Seneca Letter 4: On The Terrors of Death

You remember, of course, what joy you felt when you laid aside the garments of boyhood and donned the man's toga, and were escorted to the forum; nevertheless, you may look for a still greater joy when you have laid aside the mind of boyhood and when wisdom has enrolled you among men. For it is not boyhood that still stays with us, but something worse, – boyishness. And this condition is all the more serious because we possess the authority of old age, together with the follies of boyhood, yea, even the follies of infancy.Boys fear trifles, children fear shadows, we fear both.

The rest of this passage is very long so I encourage you to read the full letter — I only choose small excerpts that tend to resonate with me at the moment, so you may find something different for yourself. 

This passage reminds me of the bit Henry Rollins does on cynicism. Although Rollins focuses more on the general notion of fear which leads to cynicism but can ultimately be combated by understanding others and building tolerance. Seneca focuses more on the fear of death portion. Where it dwells within us, and how can be combat it, that fear remains a latent force within us that is unavoidable — so why try to avoid it? To combat this overwhelming sense of fear, Seneca recommends a regular quarter-life existential crisis. 

Just kidding. 

What Seneca essentially states is to make peace with poverty. Now, forgive me for my lack of philosophical knowledge but I believe the context in which Seneca means poverty isn't the developing world or urban streets that we immediatly think of. Rather, poverty is simply the lack of something. This is a huge source of anxiety within men. We look at what others have built up and we look upon it with envy.  Seneca certainly isn't promoting some type of monkish lifestyle but knowing the historical contradiction of Seneca's words and action it is sometimes hard to reconcile.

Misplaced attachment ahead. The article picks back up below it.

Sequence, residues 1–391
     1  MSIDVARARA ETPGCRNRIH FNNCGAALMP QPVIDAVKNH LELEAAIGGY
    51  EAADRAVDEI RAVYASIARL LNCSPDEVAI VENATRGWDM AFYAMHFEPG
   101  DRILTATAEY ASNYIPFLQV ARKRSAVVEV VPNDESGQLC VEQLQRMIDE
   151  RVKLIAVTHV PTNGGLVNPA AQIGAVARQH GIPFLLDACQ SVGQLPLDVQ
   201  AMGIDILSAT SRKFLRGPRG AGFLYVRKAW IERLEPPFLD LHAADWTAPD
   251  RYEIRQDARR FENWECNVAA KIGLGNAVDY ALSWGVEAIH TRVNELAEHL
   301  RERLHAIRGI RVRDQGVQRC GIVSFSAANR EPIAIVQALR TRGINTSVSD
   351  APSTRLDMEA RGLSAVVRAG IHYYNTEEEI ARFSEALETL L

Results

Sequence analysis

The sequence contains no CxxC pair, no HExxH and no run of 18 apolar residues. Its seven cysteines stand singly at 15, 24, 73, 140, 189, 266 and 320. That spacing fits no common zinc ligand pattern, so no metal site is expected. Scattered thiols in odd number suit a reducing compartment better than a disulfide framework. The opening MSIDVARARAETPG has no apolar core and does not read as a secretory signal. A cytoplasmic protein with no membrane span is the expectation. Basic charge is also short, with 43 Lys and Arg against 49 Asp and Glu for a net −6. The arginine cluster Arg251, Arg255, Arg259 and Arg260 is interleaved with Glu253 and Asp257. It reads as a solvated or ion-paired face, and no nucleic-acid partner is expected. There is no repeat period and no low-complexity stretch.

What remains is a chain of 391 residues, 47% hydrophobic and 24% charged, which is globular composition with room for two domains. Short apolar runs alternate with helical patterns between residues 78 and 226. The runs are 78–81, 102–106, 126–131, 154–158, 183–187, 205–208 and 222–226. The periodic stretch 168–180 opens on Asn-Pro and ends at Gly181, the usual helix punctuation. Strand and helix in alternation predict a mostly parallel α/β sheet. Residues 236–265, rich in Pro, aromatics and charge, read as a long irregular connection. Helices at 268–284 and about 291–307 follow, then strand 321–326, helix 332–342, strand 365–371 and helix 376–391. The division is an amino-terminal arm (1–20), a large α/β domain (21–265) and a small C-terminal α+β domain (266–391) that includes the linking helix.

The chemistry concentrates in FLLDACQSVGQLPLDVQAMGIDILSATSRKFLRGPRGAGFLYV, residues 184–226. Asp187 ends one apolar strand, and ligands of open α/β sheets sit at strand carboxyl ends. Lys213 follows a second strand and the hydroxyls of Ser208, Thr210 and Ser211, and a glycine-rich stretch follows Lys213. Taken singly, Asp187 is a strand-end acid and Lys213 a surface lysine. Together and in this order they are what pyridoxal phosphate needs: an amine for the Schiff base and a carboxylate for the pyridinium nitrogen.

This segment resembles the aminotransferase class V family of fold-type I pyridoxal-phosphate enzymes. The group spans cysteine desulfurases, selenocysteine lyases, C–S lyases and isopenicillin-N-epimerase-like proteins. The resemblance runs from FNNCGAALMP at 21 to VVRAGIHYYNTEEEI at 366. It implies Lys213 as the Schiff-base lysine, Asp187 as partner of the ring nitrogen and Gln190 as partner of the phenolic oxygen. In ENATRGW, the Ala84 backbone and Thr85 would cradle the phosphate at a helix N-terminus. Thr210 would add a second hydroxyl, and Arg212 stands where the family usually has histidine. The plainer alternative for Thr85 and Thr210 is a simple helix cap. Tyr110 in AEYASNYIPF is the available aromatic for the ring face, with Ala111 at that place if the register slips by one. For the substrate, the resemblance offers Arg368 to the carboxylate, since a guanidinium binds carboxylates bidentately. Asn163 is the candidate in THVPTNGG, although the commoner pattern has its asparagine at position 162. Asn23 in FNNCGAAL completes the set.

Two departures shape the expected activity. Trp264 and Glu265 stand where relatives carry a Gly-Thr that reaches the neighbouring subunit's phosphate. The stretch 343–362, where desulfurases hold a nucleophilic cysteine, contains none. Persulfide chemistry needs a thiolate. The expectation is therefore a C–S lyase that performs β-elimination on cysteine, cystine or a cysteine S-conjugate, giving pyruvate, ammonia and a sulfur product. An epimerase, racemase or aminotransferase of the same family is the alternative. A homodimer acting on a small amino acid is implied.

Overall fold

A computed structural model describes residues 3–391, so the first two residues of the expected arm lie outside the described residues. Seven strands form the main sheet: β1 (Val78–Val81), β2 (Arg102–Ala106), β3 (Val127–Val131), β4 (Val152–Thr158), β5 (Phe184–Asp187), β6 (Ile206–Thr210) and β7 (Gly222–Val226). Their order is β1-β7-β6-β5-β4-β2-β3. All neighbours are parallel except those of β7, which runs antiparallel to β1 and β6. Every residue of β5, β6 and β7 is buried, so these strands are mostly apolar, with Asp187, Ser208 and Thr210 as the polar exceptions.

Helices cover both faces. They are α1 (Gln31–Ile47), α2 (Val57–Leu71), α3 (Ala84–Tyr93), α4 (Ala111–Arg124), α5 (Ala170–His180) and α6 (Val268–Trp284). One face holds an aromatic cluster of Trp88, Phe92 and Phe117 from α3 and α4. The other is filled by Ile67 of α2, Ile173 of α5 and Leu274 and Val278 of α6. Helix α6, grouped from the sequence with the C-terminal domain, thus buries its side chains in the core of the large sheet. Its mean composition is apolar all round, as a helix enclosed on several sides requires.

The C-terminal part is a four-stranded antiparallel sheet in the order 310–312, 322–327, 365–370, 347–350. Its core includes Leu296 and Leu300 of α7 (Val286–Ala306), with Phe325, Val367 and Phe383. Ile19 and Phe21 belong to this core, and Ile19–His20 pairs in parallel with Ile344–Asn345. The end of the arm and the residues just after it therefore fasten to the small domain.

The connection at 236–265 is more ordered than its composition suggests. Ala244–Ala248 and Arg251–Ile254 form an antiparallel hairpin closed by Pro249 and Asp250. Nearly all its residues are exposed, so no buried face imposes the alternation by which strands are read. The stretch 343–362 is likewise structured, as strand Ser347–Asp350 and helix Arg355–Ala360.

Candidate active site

It is the superfluous things for which men sweat, – the superfluous things that wear our togas threadbare, that force us to grow old in camp, that dash us upon foreign shores. That which is enough is ready to our hands. He who has made a fair compact with poverty is rich. Farewell.
— Seneca, Letter 3

So what should we do? Especially in a day and age where visibility of the individual is so prominently highlighted and easy to showcase? Hell, I don't know. 

You do you. And try and find some moments of joy out of it. 

What has helped me is the teaching of Carl Jung and the shadow-self . I've battled with my inner self and what I considered my morally ambiguous thoughts. Illusions of grandeur, money, women, etc. It's okay to have those thoughts and even okay to act on it. But At the end of the day, I choose to have a "moral and civic true north". So most of the time I won't compromise my principals or morals — but that's just my choice. 

Seneca Letter 3: On True and False Friendship